Don’t save antibiotics for later use or share them with others. A doctor should evaluate each person each time he or she is sick.

 Antibiotics may cause mild to severe side effects such as nausea, diarrhea, and allergic reactions. They also may kill naturally occurring bacteria that protect your body from yeast infections. If you experience any of the above symptoms, call your doctor.

 Sore throats, colds, and flu are caused by viruses, not bacteria, so taking antibiotics won’t help. One exception is strep throat, which is caused by bacteria. A throat culture can determine what you have and whether it’s best treated with antibiotics.

 Coughs and bronchitis are almost always caused by viruses. Exception: if your symptoms last for more than two weeks, or if you have a lung condition, it could be caused by bacteria.

 Ear infections come in several types. If your doctor doesn’t recommend an antibiotic, don’t ask for one.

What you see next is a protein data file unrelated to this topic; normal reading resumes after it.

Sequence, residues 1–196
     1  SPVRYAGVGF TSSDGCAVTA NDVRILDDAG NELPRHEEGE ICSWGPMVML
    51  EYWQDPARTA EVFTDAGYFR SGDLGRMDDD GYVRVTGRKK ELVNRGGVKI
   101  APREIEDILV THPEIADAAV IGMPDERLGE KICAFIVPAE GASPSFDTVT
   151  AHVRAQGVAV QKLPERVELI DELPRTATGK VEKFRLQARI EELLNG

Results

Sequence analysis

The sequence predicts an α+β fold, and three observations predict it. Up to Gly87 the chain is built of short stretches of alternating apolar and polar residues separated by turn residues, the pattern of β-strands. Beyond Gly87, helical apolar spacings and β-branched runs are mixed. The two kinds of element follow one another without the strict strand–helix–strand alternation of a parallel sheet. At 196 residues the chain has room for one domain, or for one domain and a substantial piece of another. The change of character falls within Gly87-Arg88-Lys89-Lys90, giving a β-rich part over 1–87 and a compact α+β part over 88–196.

Sinus infections may be caused by bacteria or viruses. Antibiotics should only be used for severe infections, or ones that last more than two weeks, since those are more likely to be caused by bacteria.

Sources: Adapted from information provided by the American Academy of Family Physicians, the American Academy of Pediatrics, the Alliance for the Prudent Use of Antibiotics, and the Centers for Disease Control and Prevention.


For more information

about what can be done to prevent antibiotic-resistance, visit CSPI’s Web site ( If you know of someone who was made seriously ill by antibiotic-resistant bacteria, please write to:

CSPI–Resistance, Suite 300,
1875 Connecticut Ave. N.W.,
Washington, D.C. 20009.